- Small Cap: $250 million to $2 billion in market capitalization
- Mid Cap: $2 billion to $10 billion in market capitalization
- Large Cap: $10 billion to $100 billion in market capitalization
So if you want to invest in companies like Company X, which has a market capitalization of $4 billion, you’d focus on a Mid Cap fund.
The reason this is important is you should always have a blend of these types of companies. Each has its place in an investment portfolio.
Large Cap funds will focus on the biggest companies in the world. These may be safer bets, but your returns may not be as large. Small Cap funds will focus on small, growing companies. They tend to be riskier, but can net higher returns in some cases. Mid Cap falls somewhere in between.
Emerging markets also have a special place in an investment portfolio. Everything we’ve discussed to this point has been focused on companies that operate in a developed country.
Emerging market funds focus on companies that are in developing or emerging countries. These countries are not under-developed, but aren’t fully developed either. They tend to be moving away from industries like agriculture and focusing more on corporate businesses and improving their residents’ quality of life.
They’re volatile and less mature, but tend to offer a quick rate of growth and higher returns than more developed countries’ stocks. This comes, however, with higher risks. Be sure to add some emerging market funds into your portfolio to help balance out the risk and reward.
Bond have historically given lower returns but offer lower risk and are a key part to any investment portfolio. While there are many different types of bond funds out there, you don’t have to get too fancy with it. We recommend investing in just a single U.S. government bond fund, and keeping it at around 10 percent of your total portfolio allocation if you’re still fairly far away from retirement.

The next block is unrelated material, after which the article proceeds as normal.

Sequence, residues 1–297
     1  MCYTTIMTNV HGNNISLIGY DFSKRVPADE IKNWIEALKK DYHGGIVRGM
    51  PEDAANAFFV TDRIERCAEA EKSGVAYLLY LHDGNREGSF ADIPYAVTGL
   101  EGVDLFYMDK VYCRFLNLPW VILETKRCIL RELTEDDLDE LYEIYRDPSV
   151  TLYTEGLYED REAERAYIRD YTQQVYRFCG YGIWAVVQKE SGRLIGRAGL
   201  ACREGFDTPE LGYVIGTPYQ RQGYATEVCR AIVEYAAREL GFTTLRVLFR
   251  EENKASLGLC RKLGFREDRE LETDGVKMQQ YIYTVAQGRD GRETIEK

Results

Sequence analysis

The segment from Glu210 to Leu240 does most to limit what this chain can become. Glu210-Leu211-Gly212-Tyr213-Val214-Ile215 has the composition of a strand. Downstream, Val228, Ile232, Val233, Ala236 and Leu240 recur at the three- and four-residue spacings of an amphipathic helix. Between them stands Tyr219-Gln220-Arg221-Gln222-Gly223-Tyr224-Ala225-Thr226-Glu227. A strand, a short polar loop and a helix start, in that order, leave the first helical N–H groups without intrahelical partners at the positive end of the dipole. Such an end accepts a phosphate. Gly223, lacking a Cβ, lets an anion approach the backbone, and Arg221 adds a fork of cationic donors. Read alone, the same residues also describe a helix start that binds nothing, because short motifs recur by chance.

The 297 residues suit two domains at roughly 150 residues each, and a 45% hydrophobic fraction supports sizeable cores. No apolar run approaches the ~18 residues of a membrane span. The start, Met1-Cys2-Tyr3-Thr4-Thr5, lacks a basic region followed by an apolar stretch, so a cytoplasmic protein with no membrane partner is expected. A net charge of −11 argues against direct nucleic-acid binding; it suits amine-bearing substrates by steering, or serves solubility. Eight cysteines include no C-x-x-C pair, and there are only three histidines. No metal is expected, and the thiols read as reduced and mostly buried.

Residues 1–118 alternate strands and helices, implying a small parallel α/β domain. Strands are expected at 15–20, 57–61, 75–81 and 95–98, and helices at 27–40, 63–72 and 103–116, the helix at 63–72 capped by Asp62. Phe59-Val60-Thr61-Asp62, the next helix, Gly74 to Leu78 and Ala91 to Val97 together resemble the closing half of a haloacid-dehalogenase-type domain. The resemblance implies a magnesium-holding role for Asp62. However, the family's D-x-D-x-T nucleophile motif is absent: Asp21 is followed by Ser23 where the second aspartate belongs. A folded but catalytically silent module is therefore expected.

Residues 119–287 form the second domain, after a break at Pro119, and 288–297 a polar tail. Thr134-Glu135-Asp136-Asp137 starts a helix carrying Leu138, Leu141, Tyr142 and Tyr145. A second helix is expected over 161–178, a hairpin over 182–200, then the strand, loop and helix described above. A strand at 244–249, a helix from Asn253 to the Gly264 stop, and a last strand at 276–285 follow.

Aside from stocks and bonds, you might run into (or just have an interest in) some other types of asset classes. The most common one you’ll see, and the one I’ll focus on here, is REITs — Real Estate Investment Trusts.
REIT funds are a great way to get your hand into the real estate market without shelling out all the money for an actual property, or taking on as much of the risk of being a landlord.
REIT funds invest in companies that invest in (confused yet?) income-producing real estate. So it’s a broadly diversified blend of companies that deal in all types of real estate.
It’s not completely necessary, but I’d strongly urge you to consider putting some money into REITs, as it adds a further level of balance and exposure to your overall portfolio.